Diagnosing St. Augustine’s Problems
Did you ever have a friend who came with a lot of extra “baggage?” Most of us have. St. Augustine certainly has baggage, and diagnosing its ills can be a challenge even to the best professional turf people.
I’ve grown St. Augustine since I was 10 years old (except for 5 years in Ohio), so I feel like I’m qualified to help sort through the fog.
Here are the most common St. Augustine problems arranged in rough chronological order of when they will appear, spring through late fall. Knowing when a problem first appeared is a giant first step in identifying it.
• Take All Root Rot (TARR). A problem in April and May (rarely later). Grass is lethargic in greening up. Shows up in blotches and irregular patches. CRITICAL SYMPTOM: Grass pulls loose from the soil easily, because as the name implies, the roots have been rotted by the fungal organism. THE ODDITY: Fungicides don’t do much good. THE FACT: Texas A&M research has shown us that applying a layer of sphagnum peat moss 1 inch deep over the affected area and several feet beyond the edges of the yellowed patches of grass will help greatly. The disease is not active in acidic environments. PERSONAL OPINION: A lot of other St. Augustine problems get diagnosed as TARR and people spend (waste) a ton of money on peat when the problem is something else. (See chinch bugs and shade, below)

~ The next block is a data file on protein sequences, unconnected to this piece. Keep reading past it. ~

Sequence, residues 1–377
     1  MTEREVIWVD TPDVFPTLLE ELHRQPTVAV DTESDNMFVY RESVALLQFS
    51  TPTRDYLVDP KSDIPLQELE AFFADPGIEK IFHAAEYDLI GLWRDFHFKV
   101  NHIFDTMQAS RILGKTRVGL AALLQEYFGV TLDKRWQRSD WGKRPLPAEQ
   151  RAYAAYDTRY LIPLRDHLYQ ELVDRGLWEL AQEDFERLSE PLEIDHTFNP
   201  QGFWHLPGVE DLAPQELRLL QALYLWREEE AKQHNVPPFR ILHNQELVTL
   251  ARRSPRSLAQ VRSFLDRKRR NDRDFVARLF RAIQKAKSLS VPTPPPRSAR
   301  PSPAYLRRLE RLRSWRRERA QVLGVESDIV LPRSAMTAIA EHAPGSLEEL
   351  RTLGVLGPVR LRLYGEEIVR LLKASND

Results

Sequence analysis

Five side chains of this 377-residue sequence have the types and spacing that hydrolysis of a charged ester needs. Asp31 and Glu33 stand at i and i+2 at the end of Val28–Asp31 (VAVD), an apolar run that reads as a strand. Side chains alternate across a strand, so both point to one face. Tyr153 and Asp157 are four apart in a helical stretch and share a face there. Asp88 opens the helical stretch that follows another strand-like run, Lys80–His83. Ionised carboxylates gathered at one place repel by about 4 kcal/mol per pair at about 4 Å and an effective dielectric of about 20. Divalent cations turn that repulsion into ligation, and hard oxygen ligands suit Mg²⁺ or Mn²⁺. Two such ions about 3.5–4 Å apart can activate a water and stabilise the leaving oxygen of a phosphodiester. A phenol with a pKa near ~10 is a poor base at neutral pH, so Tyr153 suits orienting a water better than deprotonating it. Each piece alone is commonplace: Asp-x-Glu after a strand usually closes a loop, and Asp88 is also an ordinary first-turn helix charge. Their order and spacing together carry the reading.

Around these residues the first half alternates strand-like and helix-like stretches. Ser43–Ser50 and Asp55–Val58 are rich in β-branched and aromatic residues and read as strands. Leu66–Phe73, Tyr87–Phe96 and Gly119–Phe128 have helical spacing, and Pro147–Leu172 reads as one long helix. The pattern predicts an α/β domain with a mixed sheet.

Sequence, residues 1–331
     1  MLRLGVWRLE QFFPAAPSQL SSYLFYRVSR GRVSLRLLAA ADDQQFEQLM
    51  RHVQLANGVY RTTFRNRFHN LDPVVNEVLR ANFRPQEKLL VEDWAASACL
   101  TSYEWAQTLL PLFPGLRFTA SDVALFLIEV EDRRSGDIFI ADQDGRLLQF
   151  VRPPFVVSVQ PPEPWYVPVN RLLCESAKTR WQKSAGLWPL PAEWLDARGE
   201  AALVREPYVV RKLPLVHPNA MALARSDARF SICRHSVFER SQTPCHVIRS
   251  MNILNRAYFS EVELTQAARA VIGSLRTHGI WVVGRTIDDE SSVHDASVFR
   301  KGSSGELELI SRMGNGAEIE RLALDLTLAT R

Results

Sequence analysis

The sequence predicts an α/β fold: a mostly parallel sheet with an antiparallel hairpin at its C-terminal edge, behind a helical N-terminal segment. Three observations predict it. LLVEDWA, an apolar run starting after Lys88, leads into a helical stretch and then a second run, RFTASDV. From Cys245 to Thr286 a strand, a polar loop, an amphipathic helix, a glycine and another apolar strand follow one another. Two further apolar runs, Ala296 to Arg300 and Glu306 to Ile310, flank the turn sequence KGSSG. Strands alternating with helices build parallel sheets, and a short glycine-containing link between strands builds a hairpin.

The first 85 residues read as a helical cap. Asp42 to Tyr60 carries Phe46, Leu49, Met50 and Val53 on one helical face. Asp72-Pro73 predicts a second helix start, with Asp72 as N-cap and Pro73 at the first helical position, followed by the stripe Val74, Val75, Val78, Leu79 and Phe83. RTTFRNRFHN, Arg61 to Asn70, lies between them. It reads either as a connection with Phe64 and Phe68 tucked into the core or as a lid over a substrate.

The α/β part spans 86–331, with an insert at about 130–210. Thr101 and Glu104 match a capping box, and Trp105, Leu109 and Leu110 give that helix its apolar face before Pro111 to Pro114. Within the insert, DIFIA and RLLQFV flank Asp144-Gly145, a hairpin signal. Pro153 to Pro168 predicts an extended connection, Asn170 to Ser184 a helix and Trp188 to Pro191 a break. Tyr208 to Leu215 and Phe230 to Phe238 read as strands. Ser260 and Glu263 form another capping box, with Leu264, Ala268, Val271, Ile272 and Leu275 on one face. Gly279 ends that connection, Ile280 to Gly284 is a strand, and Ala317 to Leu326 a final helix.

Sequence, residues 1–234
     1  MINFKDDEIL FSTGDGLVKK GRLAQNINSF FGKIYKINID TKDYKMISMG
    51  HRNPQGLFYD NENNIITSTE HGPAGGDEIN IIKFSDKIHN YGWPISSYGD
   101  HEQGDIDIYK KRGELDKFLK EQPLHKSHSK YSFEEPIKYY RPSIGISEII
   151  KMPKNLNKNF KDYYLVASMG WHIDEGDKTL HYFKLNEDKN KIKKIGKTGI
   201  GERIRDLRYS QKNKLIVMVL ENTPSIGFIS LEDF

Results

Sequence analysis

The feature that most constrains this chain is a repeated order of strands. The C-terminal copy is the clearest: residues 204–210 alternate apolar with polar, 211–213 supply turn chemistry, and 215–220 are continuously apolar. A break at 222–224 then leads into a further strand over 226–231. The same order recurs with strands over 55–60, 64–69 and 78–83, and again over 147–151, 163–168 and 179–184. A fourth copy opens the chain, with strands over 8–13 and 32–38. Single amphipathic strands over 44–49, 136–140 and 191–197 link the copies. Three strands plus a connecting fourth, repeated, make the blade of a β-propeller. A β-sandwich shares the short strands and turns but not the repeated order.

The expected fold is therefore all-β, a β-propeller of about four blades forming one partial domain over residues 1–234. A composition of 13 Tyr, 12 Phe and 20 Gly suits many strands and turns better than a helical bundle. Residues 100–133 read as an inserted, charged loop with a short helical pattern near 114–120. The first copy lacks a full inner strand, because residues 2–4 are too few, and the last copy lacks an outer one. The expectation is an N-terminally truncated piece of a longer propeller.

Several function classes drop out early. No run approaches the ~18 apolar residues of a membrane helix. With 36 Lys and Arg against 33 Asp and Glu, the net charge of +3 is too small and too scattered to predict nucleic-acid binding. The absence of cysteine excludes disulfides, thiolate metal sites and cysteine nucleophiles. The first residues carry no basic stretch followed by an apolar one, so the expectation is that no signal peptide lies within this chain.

• White grub worms. Damage shows up in the spring. CRITICAL SYMPTOMS: Grass pulls loose easily from the soil because roots have been eaten by the white grubs (larvae of June beetles – the small beetles that fly in late May in South Texas into mid-June in North Texas). If you dig several square-foot patches in the afflicted areas you will see 5 or 6 grubs per square feet. If you encounter only one or two, grubs are not the cause. There are insecticides labeled for controlling white grubs soon after they hatch, but this is NOT the time to treat. Merit should be applied the last two weeks of June through mid-July, then watered deeply into the soil. PERSONAL OPINION: Grub worm damage is nowhere near as common now as it was during the epidemic infestations of the 1970s. People need to be sure they’re actually seeing several grubs per square foot and not just several grubs during an entire day spent working in the landscape. Remember: You must have 5 or 6 grubs per square foot for them to do damage. Grass can outgrow smaller populations.
• Gray leaf spot. Shows up in mid-summer. Fungal organism causes the disease, but it is greatly accelerated by application of nitrogen. Lawn has yellowed washes and sweeps when viewed from the sides. Individual blades and even runners will have diamond-shaped, gray-brown lesions slightly bigger than pinhead-sized. Apply labeled fungicide, but do not apply nitrogen between June 15 and early September. Occurs in sun and shade, and can weaken the lawn severely, even kill areas. But does not appear in spring.